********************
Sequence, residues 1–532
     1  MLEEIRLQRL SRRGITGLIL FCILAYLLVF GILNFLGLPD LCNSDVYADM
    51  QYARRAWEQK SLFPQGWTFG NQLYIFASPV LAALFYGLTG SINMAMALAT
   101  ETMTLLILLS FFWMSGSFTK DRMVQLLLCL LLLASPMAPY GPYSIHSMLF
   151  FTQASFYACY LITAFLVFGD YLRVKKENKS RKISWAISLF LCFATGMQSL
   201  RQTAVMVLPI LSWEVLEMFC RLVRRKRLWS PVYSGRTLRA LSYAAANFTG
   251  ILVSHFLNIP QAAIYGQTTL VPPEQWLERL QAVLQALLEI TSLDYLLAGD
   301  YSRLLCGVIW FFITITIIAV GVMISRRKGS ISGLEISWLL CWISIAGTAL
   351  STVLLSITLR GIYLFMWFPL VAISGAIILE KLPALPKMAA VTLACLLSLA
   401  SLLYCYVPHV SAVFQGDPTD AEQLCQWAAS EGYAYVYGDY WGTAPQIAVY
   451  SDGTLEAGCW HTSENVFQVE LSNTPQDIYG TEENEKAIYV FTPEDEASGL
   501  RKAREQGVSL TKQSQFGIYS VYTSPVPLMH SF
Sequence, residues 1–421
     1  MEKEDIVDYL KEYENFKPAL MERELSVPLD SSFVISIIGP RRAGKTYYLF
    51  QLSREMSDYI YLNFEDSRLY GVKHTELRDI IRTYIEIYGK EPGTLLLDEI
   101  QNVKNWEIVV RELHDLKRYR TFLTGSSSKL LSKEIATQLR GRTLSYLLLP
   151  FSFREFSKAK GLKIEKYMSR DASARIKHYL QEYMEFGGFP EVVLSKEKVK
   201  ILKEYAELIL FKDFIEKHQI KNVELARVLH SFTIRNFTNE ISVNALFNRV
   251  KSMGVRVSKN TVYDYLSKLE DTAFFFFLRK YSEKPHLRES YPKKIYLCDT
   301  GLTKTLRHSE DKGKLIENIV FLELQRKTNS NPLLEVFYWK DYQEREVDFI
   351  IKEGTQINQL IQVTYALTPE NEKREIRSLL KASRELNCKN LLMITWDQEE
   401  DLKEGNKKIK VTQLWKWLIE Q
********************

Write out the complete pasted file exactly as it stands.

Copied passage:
Sequence, residues 1–532
     1  MLEEIRLQRL SRRGITGLIL FCILAYLLVF GILNFLGLPD LCNSDVYADM
    51  QYARRAWEQK SLFPQGWTFG NQLYIFASPV LAALFYGLTG SINMAMALAT
   101  ETMTLLILLS FFWMSGSFTK DRMVQLLLCL LLLASPMAPY GPYSIHSMLF
   151  FTQASFYACY LITAFLVFGD YLRVKKENKS RKISWAISLF LCFATGMQSL
   201  RQTAVMVLPI LSWEVLEMFC RLVRRKRLWS PVYSGRTLRA LSYAAANFTG
   251  ILVSHFLNIP QAAIYGQTTL VPPEQWLERL QAVLQALLEI TSLDYLLAGD
   301  YSRLLCGVIW FFITITIIAV GVMISRRKGS ISGLEISWLL CWISIAGTAL
   351  STVLLSITLR GIYLFMWFPL VAISGAIILE KLPALPKMAA VTLACLLSLA
   401  SLLYCYVPHV SAVFQGDPTD AEQLCQWAAS EGYAYVYGDY WGTAPQIAVY
   451  SDGTLEAGCW HTSENVFQVE LSNTPQDIYG TEENEKAIYV FTPEDEASGL
   501  RKAREQGVSL TKQSQFGIYS VYTSPVPLMH SF
Sequence, residues 1–421
     1  MEKEDIVDYL KEYENFKPAL MERELSVPLD SSFVISIIGP RRAGKTYYLF
    51  QLSREMSDYI YLNFEDSRLY GVKHTELRDI IRTYIEIYGK EPGTLLLDEI
   101  QNVKNWEIVV RELHDLKRYR TFLTGSSSKL LSKEIATQLR GRTLSYLLLP
   151  FSFREFSKAK GLKIEKYMSR DASARIKHYL QEYMEFGGFP EVVLSKEKVK
   201  ILKEYAELIL FKDFIEKHQI KNVELARVLH SFTIRNFTNE ISVNALFNRV
   251  KSMGVRVSKN TVYDYLSKLE DTAFFFFLRK YSEKPHLRES YPKKIYLCDT
   301  GLTKTLRHSE DKGKLIENIV FLELQRKTNS NPLLEVFYWK DYQEREVDFI
   351  IKEGTQINQL IQVTYALTPE NEKREIRSLL KASRELNCKN LLMITWDQEE
   401  DLKEGNKKIK VTQLWKWLIE Q